Currently, only six international airports in India, including Delhi, Jaipur, Amritsar, Kolkata, Lucknow and Bengaluru have CAT III B landing facilities, according to data revealed by the Union Ministry of Civil Aviation (MoCA). Meanwhile, CAT I capability will be enabled in eight airports while facilities will be upgraded from CAT I to CAT II in four airports.

“Flights often get delayed due to challenges in landing at some of the airports which lack advanced ILS [CAT II or CAT III] systems. This trend is particularly pronounced in tier 2 and tier 3 cities of India, leading to a constant knock-out effect in flight delays even in major cities and hence passenger inconvenience,” Rishi Jain, CEO at Jain Aviation Consultants, said.

ILS systems, however, are a costly affair. According to experts, the average cost of installing a CAT III ILS at an airport is about ₹100 crore, with added maintenance cost in the range of ₹40 lakh to ₹50 lakh. Moreover, it is an added cost for airlines as well. “It is a catch-22 situation. Advanced [CAT II or CAT III] ILS installation also requires airlines to invest in the training and certification of their pilots for specific technologies while disrupting their rostering schedules,” Captain Sanjay Karve N.M., retired Accountable Manager and Chief Pilot, Government of Maharashtra, said.

According to the Ministry, so far, 4,804 flight crew qualified for CAT II/III are available with various airlines, including 2,979 captains and 1,825 co-pilots.

Besides this, CAT IIIB installation also demands an obstruction-free environment, to avoid potential interference in localiser signals for the ILS on the runway, creating a serious collision risk for low-flying aircraft.

5. 150 bank accounts linked to syndicate smuggling opioids under ED scanner

The Enforcement Directorate (ED) has examined nearly 150 bank accounts linked to an international syndicate, which allegedly supplied opioid drugs in huge quantities to its contacts overseas. The agency is investigating the money-laundering case based on an FIR registered by the Mumbai Police. The proceeds of alleged crime are currently estimated to be around ₹44.50 crore.

It is learnt that these bank accounts were in the name of certain individuals and entities related to a key accused, Ali Asgar Shirazi, who was arrested by the agency in January, and currently in judicial custody.

Over 25 companies, partnership firms, and proprietorship concerns came under the ED scanner and four companies and partnership firms (Hustlers Hospitality Private Limited, Zetetic Techno India, Trans Air Express, Falisha Technoworld LLP, and One Logistics) have been included as accused.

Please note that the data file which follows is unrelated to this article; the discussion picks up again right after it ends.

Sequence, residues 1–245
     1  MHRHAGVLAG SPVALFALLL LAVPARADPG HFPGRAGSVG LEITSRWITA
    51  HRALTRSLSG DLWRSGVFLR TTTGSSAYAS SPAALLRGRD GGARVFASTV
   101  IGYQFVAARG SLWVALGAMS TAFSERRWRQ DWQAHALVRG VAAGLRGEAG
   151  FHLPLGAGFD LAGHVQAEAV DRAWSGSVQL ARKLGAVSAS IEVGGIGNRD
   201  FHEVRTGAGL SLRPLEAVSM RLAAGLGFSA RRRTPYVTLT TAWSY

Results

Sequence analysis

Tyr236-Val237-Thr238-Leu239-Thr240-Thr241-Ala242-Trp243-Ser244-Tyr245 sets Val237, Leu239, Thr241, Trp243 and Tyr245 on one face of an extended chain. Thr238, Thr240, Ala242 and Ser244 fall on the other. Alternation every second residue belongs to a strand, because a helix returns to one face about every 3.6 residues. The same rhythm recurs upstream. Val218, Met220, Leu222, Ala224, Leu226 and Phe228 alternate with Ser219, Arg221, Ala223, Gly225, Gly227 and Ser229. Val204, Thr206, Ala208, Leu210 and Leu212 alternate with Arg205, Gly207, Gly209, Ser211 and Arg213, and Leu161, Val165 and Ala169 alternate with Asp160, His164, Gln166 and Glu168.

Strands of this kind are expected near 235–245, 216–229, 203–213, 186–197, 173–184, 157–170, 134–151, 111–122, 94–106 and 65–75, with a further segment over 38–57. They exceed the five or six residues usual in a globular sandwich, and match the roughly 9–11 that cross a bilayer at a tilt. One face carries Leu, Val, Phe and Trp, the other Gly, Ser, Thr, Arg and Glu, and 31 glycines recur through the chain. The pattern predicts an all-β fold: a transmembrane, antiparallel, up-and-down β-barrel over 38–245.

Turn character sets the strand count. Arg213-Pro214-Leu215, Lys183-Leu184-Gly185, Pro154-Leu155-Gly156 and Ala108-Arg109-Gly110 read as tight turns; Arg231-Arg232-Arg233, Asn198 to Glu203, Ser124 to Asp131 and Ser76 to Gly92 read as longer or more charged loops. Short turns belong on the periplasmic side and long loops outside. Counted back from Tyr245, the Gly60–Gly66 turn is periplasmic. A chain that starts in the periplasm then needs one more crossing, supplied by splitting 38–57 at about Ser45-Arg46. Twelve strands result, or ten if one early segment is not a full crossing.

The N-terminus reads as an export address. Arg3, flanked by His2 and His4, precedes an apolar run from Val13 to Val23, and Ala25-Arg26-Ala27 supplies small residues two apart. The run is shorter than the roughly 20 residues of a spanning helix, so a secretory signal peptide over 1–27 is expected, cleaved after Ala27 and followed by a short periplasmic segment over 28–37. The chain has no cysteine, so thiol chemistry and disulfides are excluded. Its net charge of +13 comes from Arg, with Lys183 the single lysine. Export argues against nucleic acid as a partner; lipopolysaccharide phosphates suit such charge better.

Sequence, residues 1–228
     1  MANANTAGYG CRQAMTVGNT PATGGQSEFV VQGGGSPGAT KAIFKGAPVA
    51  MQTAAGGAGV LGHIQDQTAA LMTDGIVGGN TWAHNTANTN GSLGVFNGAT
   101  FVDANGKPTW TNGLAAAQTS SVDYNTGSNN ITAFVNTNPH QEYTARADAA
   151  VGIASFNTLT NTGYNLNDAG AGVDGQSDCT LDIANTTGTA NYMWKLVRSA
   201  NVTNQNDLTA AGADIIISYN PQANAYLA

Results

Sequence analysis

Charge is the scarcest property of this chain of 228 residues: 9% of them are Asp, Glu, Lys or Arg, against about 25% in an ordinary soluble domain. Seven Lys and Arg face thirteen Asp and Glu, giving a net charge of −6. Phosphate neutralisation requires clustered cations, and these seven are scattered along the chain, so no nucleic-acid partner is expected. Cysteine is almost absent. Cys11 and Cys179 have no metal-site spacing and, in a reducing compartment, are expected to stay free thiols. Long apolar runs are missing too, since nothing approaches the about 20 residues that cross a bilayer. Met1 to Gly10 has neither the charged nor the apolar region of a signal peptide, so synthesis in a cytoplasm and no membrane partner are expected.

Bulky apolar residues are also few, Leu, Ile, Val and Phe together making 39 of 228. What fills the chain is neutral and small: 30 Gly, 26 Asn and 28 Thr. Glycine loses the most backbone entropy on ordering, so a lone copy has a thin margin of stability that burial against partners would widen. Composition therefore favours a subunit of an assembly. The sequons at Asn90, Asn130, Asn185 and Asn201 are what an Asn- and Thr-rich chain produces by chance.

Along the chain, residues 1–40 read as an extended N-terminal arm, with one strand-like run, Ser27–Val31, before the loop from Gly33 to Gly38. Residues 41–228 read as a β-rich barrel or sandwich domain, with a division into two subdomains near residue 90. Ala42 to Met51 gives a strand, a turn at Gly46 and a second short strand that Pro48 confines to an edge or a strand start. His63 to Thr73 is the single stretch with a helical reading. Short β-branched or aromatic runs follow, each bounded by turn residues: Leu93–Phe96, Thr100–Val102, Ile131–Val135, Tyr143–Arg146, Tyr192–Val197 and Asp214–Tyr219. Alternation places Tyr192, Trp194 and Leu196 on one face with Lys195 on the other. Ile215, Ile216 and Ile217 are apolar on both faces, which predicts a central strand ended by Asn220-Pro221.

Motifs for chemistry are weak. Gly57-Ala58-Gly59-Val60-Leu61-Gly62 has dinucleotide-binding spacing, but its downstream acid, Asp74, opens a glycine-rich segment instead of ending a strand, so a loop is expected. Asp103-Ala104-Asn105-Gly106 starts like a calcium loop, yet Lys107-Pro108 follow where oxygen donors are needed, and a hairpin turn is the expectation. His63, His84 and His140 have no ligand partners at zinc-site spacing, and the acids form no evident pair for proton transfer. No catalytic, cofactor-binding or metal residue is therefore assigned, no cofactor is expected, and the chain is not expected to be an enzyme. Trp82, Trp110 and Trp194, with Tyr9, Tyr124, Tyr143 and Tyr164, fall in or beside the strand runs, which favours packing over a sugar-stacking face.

These entities were allegedly instrumental in the projection of drug money as genuine business proceeds. The investments made by some individuals in the share market, market instruments and cryptocurrency wallets were also examined in detail to trace the end usage of the money generated by the illegal sale of opioids.

Mr. Shirazi was initially arrested by the Mumbai Police in May last year when he was attempting to escape to the UAE. The police suspected that he was instrumental in the supply of drugs worth over ₹200 crore overseas. The ED said Mr. Shirazi and others received orders through call centres being run in different parts of the country. The operations were being run through a network of call centres, websites, logistics companies, consultancy firms, and dummy pharma companies for supply of opioids to the U.S. and U.K.

Cash deposits

The ED also allegedly found many instances of cash deposits in the personal accounts and the accounts of logistics companies controlled by various individuals linked to Mr. Shirazi. An inquiry indicated that these entities did not have offices, employees or licences required for running logistics business. Such orders were meant to evade the formal controls on the use of opioids and therefore illegal. The drugs were being procured from the dummy pharma companies and transported abroad using the logistics companies.

Properties attached

About a week ago, the ED attached properties worth about ₹5 crore in the form of flats, a shop, and land parcels purportedly belonging to Mr. Shirazi, Mehreen Shirazi, Abdul Samad, Manoj Patel, and Bhavesh Shah and the movable assets valued at ₹36.81 lakh in the form of fixed deposits and balance in the bank accounts of Ramlakhan Patel, Shobha Patel, and Hustlers Hospitality Private Limited.

As it turns out, one U.S.-based member of the syndicate named Ezhil Sezhian Kamaldoss had been held guilty by a court in U.S. in June 2022 for “conspiring to distribute millions of opioid pills and other illegal controlled substances imported from India and money laundering conspiracy”.